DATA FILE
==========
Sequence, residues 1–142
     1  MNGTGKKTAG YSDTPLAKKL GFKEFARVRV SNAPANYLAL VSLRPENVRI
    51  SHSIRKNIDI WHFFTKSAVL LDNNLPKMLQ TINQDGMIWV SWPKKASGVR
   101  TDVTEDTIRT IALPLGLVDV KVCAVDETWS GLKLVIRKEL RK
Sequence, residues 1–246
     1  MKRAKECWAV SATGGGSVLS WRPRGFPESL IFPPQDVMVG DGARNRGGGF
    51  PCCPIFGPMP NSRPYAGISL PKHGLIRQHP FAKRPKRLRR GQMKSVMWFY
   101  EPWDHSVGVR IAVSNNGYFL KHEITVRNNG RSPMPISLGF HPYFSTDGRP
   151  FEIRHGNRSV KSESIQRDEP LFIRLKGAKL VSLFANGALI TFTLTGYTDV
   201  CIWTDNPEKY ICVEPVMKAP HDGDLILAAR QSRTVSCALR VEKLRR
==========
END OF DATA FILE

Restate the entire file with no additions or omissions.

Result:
Sequence, residues 1–142
     1  MNGTGKKTAG YSDTPLAKKL GFKEFARVRV SNAPANYLAL VSLRPENVRI
    51  SHSIRKNIDI WHFFTKSAVL LDNNLPKMLQ TINQDGMIWV SWPKKASGVR
   101  TDVTEDTIRT IALPLGLVDV KVCAVDETWS GLKLVIRKEL RK
Sequence, residues 1–246
     1  MKRAKECWAV SATGGGSVLS WRPRGFPESL IFPPQDVMVG DGARNRGGGF
    51  PCCPIFGPMP NSRPYAGISL PKHGLIRQHP FAKRPKRLRR GQMKSVMWFY
   101  EPWDHSVGVR IAVSNNGYFL KHEITVRNNG RSPMPISLGF HPYFSTDGRP
   151  FEIRHGNRSV KSESIQRDEP LFIRLKGAKL VSLFANGALI TFTLTGYTDV
   201  CIWTDNPEKY ICVEPVMKAP HDGDLILAAR QSRTVSCALR VEKLRR